Dusty Johnson (R; SD)
Let the People Decide
As one of the members of the bipartisan Problem Solvers Caucus, Dusty is no-doubt breathing a sigh of relief over the new Covid relief bill. He’s turned his attention to the questions raised in the public about lower risk members of Congress getting access to the Covid vaccine this past week. Rather than making a simple yes or no decision about whether to get the vaccine now or wait until it’s more publicly available, Dusty has taken a more democratic approach. He enlisted a poll of his constituents to vote on whether or not he, the lone member of the House from South Dakota, should get vaccinated. Nothing like a good online poll about your elected leader’s health and safety!
Markwayne Mullin (R; OK-2)
Speed Reading Required
Markwayne was one of the 53 members of the House to vote against the recent Covid relief package. While he understands why most of his colleagues voted to pass it, Markwayne cites the expedited timeline as his main reason for voting NAY. Given the emergency nature of the bill, once the language was agreed upon by leaders in both parties, members of Congress only had a few hours to understand what it contained before voting on it. This, for Markwayne, was unacceptable – “It’s $5,593 pages and we only had a few hours to read it before we were forced to vote on it. We should govern better than this.” Also citing the bill’s inevitable increase of the national debt, Markwayne just couldn’t get behind the measure in time.
Bryan Steil (R; WI-1)
I’ll Take That as a No?
Speculation usually doesn’t get us anywhere, but since Bryan has yet to issue a statement as to why he voted against the most recent Covid relief package we’re doing our best to get to the bottom of his reasoning. What is abundantly clear is that Bryan’s main goal was to focus on individuals and not larger entities like state and local governments, which Democrats were fighting hard for. “What I would like to see is us tailor this to those people who have been negatively impacted through no fault of their own, rather than the true broad brush strokes that we saw in the original coronavirus relief package,” Bryan said. Considering the final package did include some relief for local and state governments, we’re going to guess that led to a big ol’ NAY from Bryan.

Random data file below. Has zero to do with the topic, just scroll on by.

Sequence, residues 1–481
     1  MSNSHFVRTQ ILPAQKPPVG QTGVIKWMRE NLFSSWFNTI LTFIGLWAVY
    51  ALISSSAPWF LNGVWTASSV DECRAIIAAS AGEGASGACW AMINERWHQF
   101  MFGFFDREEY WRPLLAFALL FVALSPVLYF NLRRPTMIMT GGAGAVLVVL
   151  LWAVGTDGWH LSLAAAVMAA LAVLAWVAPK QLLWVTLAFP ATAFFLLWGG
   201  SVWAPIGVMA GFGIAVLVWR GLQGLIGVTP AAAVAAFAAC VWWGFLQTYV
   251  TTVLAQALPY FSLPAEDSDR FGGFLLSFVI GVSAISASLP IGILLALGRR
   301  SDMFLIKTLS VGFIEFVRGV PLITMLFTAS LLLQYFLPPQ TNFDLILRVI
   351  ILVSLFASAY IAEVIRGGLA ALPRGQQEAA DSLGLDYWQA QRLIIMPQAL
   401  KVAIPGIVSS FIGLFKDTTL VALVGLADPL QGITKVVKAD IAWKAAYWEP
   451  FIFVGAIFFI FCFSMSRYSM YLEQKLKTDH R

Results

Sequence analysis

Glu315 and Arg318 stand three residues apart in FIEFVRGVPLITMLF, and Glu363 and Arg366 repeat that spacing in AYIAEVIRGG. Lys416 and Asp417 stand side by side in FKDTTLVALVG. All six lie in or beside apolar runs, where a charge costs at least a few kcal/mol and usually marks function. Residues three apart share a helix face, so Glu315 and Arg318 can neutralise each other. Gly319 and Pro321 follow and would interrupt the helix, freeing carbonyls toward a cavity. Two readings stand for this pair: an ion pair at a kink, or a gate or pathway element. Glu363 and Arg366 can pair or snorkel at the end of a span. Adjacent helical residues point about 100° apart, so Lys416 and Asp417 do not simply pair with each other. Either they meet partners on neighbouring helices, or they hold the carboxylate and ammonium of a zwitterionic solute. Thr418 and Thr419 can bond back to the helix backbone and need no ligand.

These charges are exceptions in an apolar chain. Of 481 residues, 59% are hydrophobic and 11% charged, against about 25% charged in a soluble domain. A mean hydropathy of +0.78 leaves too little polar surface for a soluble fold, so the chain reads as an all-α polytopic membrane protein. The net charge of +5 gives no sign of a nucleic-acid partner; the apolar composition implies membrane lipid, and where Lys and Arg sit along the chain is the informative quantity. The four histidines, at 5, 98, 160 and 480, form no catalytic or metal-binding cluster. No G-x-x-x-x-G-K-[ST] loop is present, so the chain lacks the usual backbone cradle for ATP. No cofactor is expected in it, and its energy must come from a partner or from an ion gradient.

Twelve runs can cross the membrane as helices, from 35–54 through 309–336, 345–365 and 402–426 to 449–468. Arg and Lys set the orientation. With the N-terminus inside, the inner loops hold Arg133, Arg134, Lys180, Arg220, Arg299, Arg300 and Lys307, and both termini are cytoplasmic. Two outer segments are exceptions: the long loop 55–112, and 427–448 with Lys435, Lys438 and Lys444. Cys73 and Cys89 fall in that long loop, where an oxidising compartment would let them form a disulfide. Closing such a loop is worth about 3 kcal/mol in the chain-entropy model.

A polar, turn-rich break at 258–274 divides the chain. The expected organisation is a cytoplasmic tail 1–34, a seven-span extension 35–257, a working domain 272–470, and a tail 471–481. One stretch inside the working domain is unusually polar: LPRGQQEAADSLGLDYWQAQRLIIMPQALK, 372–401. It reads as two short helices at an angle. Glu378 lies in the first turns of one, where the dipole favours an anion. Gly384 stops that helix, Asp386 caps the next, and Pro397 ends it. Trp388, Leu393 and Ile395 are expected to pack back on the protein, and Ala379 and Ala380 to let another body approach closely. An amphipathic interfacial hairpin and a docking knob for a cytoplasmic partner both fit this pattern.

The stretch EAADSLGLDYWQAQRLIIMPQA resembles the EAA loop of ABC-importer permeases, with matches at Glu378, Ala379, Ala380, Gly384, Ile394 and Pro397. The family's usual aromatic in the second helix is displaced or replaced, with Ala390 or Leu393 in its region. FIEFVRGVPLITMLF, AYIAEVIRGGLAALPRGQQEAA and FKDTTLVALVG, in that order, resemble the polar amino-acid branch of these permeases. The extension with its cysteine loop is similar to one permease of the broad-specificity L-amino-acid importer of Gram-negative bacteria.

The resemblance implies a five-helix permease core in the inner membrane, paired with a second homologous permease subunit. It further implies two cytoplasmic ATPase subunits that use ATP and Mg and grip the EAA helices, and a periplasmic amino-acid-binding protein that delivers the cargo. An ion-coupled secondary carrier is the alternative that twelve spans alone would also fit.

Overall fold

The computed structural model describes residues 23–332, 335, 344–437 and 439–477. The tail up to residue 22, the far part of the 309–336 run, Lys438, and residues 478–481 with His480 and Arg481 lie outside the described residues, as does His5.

Lee Zeldin (R; NY-1)
Infrastructure Funds to the Rescue
With the virus upending every element of our lives, it can be hard to recognize just how widespread that effect can be. One area that might not come to mind unless you’re directly involved, is infrastructure. The virus delayed or paused many important projects and, of course, the jobs that went along with them. Lee recently worked with Congressional leaders and the White House to secure an extension on funds that were directed towards local sewer projects in his district for an extra year. The funds, which were from grants that had been established after Hurricane Sandy, were being used to improve disaster preparedness projects in the area. With the extended timeline, the critical projects will continue uninterrupted. This move that probably would never make it into national news, is an important reminder to think about how far reaching the effects of the virus have been.
Kyrsten Sinema (D; AZ)
As one of the members of Congress who opted to receive the Covid vaccine, Kyrsten did not take the symbolism of her decision lightly. She took to social media to not only document the administration of the vaccine, but also checked in with followers and constituents afterwards to update them on any side effects. For Kyrsten, there wasn’t much to report other than a nice long and healthy outdoor run the day after. She also laid into a now-reversed decision by the Department of Veteran Affairs that would have wasted excess doses of the Pfizer vaccination from vials that were over-filled, calling the potential move ‘outrageous’.
Colin Allred (D; TX-32)
Newborns Ride Free